Book Review: Charles Rammelkamp’s Catastroika

A celebration of master storyteller Charles Rammelkamp’s latest release, Catastroika, a poetic exploration of a century of Russian history from the late Nineteenth to the late Twentieth…

by: Carolynn Kingyens

As I read Charles Rammelkamp’s glorious new book of poetry, Catastroika, I was, at times, reminded of the powerful ending of Schindler’s List, when we see Jewish people, particularly “Schindler’s Jews,” finally free, sitting together on train tracks. Even after they were free, a new dilemma quickly arose: where could they go that was safe?

“Where should we go?” asked one of the Schindler’s survivors to a military man on horseback.

“Don’t go east, that’s for sure, they hate you there,” said the military man.

“I wouldn’t go west either, if I were you.”

“Isn’t that a town over there?”

In one of the last poems entitled “Catastroika,” we learn where Rammelkamp’s unique book title derives:

“The wordplay in the press on Perestroika,
Gorbachev’s program of economic reforms –
Catastrophe.”

Catastroika is part catastrophe, part narrative poetry, part history lesson, part exploration of the human condition, and a profusion of resiliency, especially on the part of its two main characters — Maria, daughter of the infamous Grigory Efimovich Rasputin, and the fictional, Russian Jewish refugee, Sasha, who arrives in Baltimore, where he quickly finds a job, learns English, meets his wife, Riva, and starts a family.

Our first introduction to Sasha comes in the first poem, “Call Me Sasha”:

But still, I knew better
than to pursue a friendship
with his daughter Maria,
a lovely fifteen-year-old when I first met her,
fresh to the big city from “The Sleeping Land” –
what “Siberia” means in Tatar, after all;
“The Edge” or “The End” in Ostyak.
“Alexander Federmesser,” I introduced myself,
noting my parents had named me for the tsar,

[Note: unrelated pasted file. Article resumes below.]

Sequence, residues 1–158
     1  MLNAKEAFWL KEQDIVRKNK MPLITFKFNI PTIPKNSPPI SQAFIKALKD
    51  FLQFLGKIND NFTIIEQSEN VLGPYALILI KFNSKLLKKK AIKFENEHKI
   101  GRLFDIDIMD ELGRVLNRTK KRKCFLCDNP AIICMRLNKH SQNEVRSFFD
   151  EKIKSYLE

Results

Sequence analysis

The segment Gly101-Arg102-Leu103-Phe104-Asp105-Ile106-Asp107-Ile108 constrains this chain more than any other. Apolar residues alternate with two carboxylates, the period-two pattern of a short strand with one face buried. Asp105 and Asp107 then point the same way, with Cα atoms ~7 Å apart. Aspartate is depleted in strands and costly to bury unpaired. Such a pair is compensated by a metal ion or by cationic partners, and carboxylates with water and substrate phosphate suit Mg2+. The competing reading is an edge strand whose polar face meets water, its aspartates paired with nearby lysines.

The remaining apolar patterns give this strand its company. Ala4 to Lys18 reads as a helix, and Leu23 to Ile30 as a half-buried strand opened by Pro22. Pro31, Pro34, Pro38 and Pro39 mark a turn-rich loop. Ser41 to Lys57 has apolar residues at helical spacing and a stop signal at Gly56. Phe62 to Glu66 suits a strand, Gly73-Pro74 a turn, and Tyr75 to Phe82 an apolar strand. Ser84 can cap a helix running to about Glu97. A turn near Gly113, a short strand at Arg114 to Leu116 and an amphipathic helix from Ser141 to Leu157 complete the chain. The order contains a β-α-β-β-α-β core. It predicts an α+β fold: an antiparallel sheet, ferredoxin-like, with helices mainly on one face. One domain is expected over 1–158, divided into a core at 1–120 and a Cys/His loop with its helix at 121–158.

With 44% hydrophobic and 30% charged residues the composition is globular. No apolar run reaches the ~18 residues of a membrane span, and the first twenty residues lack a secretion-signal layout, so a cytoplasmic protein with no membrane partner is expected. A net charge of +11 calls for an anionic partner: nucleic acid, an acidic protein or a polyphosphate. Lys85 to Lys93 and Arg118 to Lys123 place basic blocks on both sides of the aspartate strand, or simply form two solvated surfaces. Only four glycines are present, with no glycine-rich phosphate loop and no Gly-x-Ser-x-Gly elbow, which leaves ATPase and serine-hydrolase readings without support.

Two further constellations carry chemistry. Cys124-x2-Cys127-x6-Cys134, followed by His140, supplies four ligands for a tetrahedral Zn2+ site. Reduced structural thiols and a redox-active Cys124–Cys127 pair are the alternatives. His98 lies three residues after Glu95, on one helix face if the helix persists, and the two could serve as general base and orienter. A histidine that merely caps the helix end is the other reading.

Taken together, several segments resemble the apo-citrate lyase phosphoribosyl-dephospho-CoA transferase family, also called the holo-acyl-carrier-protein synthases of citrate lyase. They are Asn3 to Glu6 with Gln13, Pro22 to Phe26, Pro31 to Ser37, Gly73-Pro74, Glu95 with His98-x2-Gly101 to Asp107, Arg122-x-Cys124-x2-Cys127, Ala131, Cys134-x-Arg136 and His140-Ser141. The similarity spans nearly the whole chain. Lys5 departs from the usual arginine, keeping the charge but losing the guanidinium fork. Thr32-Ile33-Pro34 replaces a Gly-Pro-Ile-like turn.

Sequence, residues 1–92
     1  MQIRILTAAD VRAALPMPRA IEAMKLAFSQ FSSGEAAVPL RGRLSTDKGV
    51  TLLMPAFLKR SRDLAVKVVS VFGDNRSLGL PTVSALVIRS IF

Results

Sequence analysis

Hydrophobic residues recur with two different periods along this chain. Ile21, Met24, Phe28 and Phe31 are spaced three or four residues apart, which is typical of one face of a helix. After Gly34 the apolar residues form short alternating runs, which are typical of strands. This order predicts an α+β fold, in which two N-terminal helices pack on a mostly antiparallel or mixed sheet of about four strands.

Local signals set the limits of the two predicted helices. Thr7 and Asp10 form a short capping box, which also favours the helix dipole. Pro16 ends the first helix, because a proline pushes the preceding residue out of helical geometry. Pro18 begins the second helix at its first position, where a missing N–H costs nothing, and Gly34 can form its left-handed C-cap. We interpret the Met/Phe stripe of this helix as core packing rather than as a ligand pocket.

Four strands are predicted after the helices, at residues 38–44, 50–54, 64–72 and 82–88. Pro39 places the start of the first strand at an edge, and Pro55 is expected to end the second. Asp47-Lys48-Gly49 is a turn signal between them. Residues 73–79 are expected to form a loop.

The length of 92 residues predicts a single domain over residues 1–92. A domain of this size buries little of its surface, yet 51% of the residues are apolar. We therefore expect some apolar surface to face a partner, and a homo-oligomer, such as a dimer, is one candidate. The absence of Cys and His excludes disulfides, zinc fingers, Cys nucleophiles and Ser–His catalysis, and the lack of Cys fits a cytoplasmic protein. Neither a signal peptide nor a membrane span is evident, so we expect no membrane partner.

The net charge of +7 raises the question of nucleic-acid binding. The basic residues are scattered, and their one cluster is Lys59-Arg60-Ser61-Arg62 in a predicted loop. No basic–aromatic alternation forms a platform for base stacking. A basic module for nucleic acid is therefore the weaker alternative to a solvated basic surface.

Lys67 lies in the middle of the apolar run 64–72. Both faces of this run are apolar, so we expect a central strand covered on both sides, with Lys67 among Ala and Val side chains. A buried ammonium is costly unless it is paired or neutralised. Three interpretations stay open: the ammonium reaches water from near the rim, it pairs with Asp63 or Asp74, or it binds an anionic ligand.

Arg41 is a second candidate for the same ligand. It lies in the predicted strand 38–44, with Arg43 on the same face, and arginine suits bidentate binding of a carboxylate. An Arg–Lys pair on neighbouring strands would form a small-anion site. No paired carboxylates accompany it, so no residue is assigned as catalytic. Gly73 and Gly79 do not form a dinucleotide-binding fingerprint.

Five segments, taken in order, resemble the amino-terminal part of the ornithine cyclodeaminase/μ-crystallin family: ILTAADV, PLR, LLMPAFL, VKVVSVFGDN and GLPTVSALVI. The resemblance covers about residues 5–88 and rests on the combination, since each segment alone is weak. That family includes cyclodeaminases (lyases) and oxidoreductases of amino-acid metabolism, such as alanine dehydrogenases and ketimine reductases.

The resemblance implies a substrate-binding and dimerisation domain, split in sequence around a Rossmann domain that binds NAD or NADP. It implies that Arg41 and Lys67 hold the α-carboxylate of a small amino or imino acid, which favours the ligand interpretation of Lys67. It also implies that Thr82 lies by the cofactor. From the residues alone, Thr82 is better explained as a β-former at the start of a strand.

“but you can call me Sasha.”

Maria Rasputin, like scads of daughters, loves her father, despite his pariah-like reputation in Russia, and later the world. She was industrious enough to capitalize on her last name to become a dancer in Paris, and later, a lion tamer with Ringling Brothers, touring America until she was mauled by a bear.

In “Maria Rasputin, Lion Tamer”:

“I still remember that reporter
for the Associated Press asking me why
I learned to tame wild animals.

“Why not?” my arch reply.
“I have been in a cage with Bolsheviks.”

In “Big Top” we learn how popular Maria Rasputin had become by Maria herself:

“More popular by far
than the midway freaks –
Miss Alainna Bennett, “Half Girl,”
whose body ended at her hips;
or Miss Dorothy Herbert,
“World’s Most Daring Horsewoman,”
Freddy the armless wonder,
Fat Lady Doris Bleu,
Midget Lady, the snake charmer,
the strongman and the trapeze artist
the aerialists with their Hammock Act!
Forget about Chang and Eng,
the original Siamese Twins!”

Rammelkamp covers an abundance of years and ground over the span of the book’s 123 pages —  from Siberia to Kiev to St. Petersburg to Petrograd to Berlin to Paris to Crimea to Baltimore to New York to Miami to Los Angeles. There are main characters such as Maria, Sasha, and even Rasputin himself, but also a cast of minor ones as well: mothers, wives, husbands, sisters, daughters, sons, the princesses from Montenegro, an antagonistic priest with a grudge, a tamed tiger, an unpredictable bear, and even a brief cameo from the Royal Tsars, themselves.

“And oh, how relieved I felt,
slipping into bed with Riva,
our American children nearby,
safe to the extent
Jews are ever safe in this world.”

I read Catastroika in one sitting. Each poem, a new puzzle piece, but with any riveting story and multitudes of plot twists and turns, and of course, some serendipity along the way.

The characters in Catastroika come alive for readers, each with their own hard-earned autonomies and distinct dialects —you will hear them, I promise.

Charles Rammelkamp is a master poet and storyteller. He not only has a deep understanding of Russian and Jewish history, but also of human catastrophe.

 

Carolynn Kingyens’ debut book of poetry — Before the Big Bang Makes a Sound (Kelsay Books) — is now available on Amazon, Barnes & Noble, Greenlight, Book Culture, and Berl’s Poetry Shop. She’s been a guest author on two literary radio programs. Today, Carolynn lives in New York City with her husband of 20 years, two beautiful, kind daughters, a sweet rescue dog, and a very old, happy cat.

Leave a Reply

Your email address will not be published. Required fields are marked *